So one night while I’m out by myself, he texts me to see if I’d like to meet for a drink. We settle on a place near my neighborhood, order a round of drinks and begin chatting. I request something that will warm me up, because I am coming down with a cold. He expresses his disappointment, because that means he’s unlikely to be invited to spend the night with me afterward. Ugh. So finally, in a very direct way, I explain that I enjoy his company and friendship, but I don’t share his feeling that our relationship simply must be consummated.

From that moment in the conversation, he excuses himself and goes to the restroom, comes back and picks up his phone, in which he is entirely engrossed. Though he is clearly ignoring me, I try to make pleasant conversation. He shows me a photo of his dinner date from earlier in the evening, a young blond woman. I tell him she’s cute. He tells me she wants him to take her abroad with him. I ask, “for a visit, or for the entire winter?” He tells me that she wants to join him for the winter. I ask if he’s considering it. He tells me yes, then goes back to his entirely engrossing mobile device…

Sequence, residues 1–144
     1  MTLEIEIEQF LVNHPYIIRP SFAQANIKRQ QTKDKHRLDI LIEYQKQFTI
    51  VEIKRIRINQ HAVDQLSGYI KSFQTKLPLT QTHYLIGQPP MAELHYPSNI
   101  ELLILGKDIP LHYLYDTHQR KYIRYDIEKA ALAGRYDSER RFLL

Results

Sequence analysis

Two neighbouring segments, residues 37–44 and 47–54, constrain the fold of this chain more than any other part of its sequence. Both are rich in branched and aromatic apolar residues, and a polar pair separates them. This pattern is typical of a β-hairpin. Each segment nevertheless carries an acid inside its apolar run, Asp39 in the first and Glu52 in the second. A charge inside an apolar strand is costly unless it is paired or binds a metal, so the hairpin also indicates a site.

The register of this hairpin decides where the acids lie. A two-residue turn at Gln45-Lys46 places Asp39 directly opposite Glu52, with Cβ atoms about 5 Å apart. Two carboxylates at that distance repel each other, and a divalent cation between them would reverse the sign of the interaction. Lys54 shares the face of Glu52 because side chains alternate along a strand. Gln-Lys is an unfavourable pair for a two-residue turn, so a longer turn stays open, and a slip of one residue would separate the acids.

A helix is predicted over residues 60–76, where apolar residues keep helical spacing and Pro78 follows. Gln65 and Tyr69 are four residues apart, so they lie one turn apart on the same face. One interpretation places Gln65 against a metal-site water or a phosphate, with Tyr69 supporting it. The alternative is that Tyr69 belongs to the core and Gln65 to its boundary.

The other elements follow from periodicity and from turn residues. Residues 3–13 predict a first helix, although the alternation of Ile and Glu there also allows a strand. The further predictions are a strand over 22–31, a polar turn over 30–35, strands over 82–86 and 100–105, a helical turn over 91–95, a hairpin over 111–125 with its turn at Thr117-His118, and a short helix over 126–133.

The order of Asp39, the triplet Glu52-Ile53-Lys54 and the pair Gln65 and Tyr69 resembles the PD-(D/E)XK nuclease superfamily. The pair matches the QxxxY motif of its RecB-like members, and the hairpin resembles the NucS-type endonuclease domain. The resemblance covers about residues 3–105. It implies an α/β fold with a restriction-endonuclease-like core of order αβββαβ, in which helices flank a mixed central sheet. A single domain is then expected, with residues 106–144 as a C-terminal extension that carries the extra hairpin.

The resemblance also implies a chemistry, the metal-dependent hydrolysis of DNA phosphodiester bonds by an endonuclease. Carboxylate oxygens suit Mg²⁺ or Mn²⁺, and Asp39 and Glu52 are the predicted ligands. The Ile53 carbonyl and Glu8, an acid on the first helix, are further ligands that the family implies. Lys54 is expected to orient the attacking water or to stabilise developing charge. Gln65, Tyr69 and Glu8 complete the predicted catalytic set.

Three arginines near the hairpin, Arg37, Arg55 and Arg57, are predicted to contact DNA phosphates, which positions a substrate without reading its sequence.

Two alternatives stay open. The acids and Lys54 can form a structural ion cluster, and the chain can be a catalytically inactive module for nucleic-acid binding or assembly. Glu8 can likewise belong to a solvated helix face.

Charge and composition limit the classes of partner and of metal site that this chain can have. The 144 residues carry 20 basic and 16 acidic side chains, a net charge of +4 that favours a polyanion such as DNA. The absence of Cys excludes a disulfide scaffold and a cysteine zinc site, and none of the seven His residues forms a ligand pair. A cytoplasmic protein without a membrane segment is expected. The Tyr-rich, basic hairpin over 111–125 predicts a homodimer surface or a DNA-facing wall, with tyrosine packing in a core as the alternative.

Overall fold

I finished my drink, pulled out a credit card, paid and bid him adieu. He took the young blond — his former girlfriend, now perhaps 26, with him abroad.

I honestly hope the two of them are very happy together. And I am positively disgusted that he was trying to squeeze in a last-minute lay with me before committing himself to cohabitation (at the very least) for the next six months. What a pig!


my last failed relationship

Do you ever get yourself into something and then, somewhere along the way, you realize it’s a bad deal, but you’re in it and you forget for awhile how to get out?